As more and more smartphone makers incorporate OLED displays into their products, one of the unfortunate realities of the tech is rearing its ugly head. We’re talking about screen burn-in. It’s nothing new, really, and has been around for decades, plaguing old CRTs, LCDs, and now the beautiful, pixel-dense display of your new smartphone. The problem with OLED panels is that they get dimmer as they age, and having certain pixels lit for longer than others causes uneven wear on the display. Leaving static imagery on an OLED display for too long can cause irreversible damage in the form of burn-in, and that’s exactly what’s happening with Pixel 2 phones right now. The problem is mainly caused by the navigation bar, which is black with white buttons, and since it is mostly static and almost always present on-screen, it is leaving a lasting mark at the bottom part of the displays on many units.
Google knows this and is trying to prevent further damage by introducing a white navbar
in some apps, since the contrast between white background and gray buttons is not as detrimental to the display, but waiting for every developer, and even Google, to adopt this in every app is not the best idea right now if you want to preserve the screen of your new Google Pixel 2
or Pixel 2 XL
So what can you do to prevent burn-in and prolong the life of the display of your new phone? Well, enter a simple app called Navbar Apps.
Navbar Apps has one simple goal, and that’s to allow users to apply custom backgrounds to the navigation bar of their phone. Most of its user base seems to be centered around the app’s more garish abilities, such as the option to display a graphic equalizer in the navbar while music is playing, and, of course, to slap a bunch of crying laughing emojis behind the buttons. But the real beauty of Navbar Apps is that it is capable of so much more by doing a lot less. What I mean by this is that this app can potentially help save your OLED smartphone from display burn-in in a simple, easy-to-do way, no root required! OK, so how do you do this?
The simple way (turning the navbar white)
Alright, so first thing you want to do is obviously download Navbar Apps
from the Play Store. After you’ve installed the app, boot it up and you’ll see a prompt at the bottom of the screen to enable the detection of running apps. You want to do this, because this will allow the app to properly display a transparent navigation bar, for example, on your home screen. If you don’t grant this permission, you’ll have a solid colored navbar at all times, which doesn’t look good in situations where Android calls for a transparent one. So, after you’ve granted the needed permission, it is now time to customize your navbar by enabling the “Change color of the Navigation Bar”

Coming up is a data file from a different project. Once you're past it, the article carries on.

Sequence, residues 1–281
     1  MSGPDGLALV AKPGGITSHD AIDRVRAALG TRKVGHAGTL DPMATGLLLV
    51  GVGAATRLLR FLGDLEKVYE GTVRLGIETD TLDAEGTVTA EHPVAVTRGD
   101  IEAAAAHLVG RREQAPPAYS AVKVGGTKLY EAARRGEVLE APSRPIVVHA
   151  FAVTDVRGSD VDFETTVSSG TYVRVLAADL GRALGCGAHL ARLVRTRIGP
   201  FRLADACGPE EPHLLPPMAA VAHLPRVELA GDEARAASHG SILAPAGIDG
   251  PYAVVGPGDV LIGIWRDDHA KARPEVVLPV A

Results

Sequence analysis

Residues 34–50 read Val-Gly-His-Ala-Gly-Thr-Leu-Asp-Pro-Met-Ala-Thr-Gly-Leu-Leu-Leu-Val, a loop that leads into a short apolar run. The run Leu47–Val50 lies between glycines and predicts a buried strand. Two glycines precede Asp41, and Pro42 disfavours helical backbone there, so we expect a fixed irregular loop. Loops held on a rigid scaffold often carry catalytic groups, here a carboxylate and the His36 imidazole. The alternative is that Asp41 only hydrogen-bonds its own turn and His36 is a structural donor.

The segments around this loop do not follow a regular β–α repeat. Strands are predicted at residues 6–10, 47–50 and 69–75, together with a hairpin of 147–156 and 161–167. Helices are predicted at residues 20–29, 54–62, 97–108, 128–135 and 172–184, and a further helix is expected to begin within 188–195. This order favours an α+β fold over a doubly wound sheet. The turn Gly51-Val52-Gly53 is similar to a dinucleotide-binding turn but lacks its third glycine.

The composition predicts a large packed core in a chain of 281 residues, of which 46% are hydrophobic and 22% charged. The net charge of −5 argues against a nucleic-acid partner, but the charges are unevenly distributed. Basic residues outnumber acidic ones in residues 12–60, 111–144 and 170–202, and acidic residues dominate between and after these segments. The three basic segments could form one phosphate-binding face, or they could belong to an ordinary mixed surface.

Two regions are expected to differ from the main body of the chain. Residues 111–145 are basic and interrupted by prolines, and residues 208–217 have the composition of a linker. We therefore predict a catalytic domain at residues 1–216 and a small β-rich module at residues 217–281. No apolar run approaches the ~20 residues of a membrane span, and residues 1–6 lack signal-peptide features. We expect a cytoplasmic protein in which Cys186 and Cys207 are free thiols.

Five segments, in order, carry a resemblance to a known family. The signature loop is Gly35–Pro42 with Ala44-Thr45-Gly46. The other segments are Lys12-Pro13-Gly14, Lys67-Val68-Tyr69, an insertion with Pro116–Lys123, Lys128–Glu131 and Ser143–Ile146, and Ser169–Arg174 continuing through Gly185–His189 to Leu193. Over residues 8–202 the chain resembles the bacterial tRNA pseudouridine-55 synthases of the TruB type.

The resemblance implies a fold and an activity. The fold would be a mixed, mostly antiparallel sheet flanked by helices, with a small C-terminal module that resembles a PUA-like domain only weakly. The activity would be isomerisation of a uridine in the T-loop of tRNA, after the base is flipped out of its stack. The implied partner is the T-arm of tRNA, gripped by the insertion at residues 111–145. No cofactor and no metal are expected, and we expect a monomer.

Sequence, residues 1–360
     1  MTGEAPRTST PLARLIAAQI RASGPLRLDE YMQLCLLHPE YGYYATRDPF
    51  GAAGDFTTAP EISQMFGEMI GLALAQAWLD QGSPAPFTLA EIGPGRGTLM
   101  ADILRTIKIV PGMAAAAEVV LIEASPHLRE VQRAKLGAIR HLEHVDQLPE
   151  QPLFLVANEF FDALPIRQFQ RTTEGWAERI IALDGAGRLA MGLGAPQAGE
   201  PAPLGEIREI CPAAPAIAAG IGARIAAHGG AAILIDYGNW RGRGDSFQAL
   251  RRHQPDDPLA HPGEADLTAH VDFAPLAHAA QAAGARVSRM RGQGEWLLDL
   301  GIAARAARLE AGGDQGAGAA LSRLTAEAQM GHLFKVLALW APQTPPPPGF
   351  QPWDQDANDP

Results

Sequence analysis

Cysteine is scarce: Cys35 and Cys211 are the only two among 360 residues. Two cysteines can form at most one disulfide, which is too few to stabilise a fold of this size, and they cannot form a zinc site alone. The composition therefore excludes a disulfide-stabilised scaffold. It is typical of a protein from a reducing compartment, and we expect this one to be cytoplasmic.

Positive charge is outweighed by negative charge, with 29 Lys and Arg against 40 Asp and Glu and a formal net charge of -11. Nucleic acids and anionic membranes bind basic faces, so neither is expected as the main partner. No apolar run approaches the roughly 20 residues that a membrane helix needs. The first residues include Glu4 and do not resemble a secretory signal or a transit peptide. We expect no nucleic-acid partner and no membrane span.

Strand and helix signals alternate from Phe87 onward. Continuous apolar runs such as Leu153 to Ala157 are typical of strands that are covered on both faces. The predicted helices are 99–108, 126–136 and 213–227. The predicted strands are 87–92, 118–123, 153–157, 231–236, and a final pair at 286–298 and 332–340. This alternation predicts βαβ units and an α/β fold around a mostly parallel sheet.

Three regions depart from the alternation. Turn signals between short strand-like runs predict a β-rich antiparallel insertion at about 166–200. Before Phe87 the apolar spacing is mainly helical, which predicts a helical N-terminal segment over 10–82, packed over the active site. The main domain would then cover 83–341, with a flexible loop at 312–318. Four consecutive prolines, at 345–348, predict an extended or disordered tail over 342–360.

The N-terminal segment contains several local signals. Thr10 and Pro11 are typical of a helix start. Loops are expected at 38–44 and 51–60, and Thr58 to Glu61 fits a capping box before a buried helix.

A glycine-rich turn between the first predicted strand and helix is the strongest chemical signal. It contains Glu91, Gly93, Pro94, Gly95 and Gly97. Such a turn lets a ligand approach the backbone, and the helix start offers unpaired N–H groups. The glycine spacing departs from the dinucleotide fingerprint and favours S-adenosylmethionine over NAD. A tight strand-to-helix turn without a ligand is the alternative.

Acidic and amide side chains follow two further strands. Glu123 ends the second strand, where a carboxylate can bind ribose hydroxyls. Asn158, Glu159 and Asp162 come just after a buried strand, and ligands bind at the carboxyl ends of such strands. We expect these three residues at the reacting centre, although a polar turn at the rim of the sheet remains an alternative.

toggle at the top and then tapping the “Static Color”
After enabling “Static Color,”
a gear icon will appear that lets you choose your desired color and opacity from a color wheel. Go ahead and move the first slider all the way to the left and then move the second slider a bit to the left until you get a pale gray navbar with easily distinguishable white buttons. That’s it, you’re set! The navigation bar will be transparent when it needs to be and switch pale gray with white buttons in all other instances. This will likely help diminish the possibility of developing display burn-in on your Pixel 2
or Note 8
or whatever other OLED Android phone you may have.
The fun way
Ok, so you may not want your navigation bar to be solid white at all times. Navbar Apps can also sample the main color from your currently opened app and apply it to the navigation bar, which looks cool and can also help prevent screen burn-in by not only diminishing the stark contrast of the default navbar, but also by animating it in the process. When the “Active App” setting is enabled in Navbar Apps, the color of the bar will change between apps with a cool wipe animation to reveal a different color. Less static imagery equals less burn-in. And if you don’t like the color scheme for a certain app, you can tap on the “Gear” icon and override the settings for certain apps. For example, if Google Chrome makes the navbar completely white, which diminishes the visibility of the buttons, you can simply add your custom color that will be applied each time you start up Chrome. Neat!
And that’s pretty much it! Until Google implements a navbar that can hide automatically like on the Galaxy S8, Note 8, and V30, this is a good way to prevent burn-in on your Pixel 2 or Pixel 2 XL. But even when (if) that happens, if you want the navigation bar present at all times (like some users of the aforementioned phones do), Navbar Apps still offers a nice way to spice things up with a matching, animated navbar that won’t leave permanent damage on the OLED display.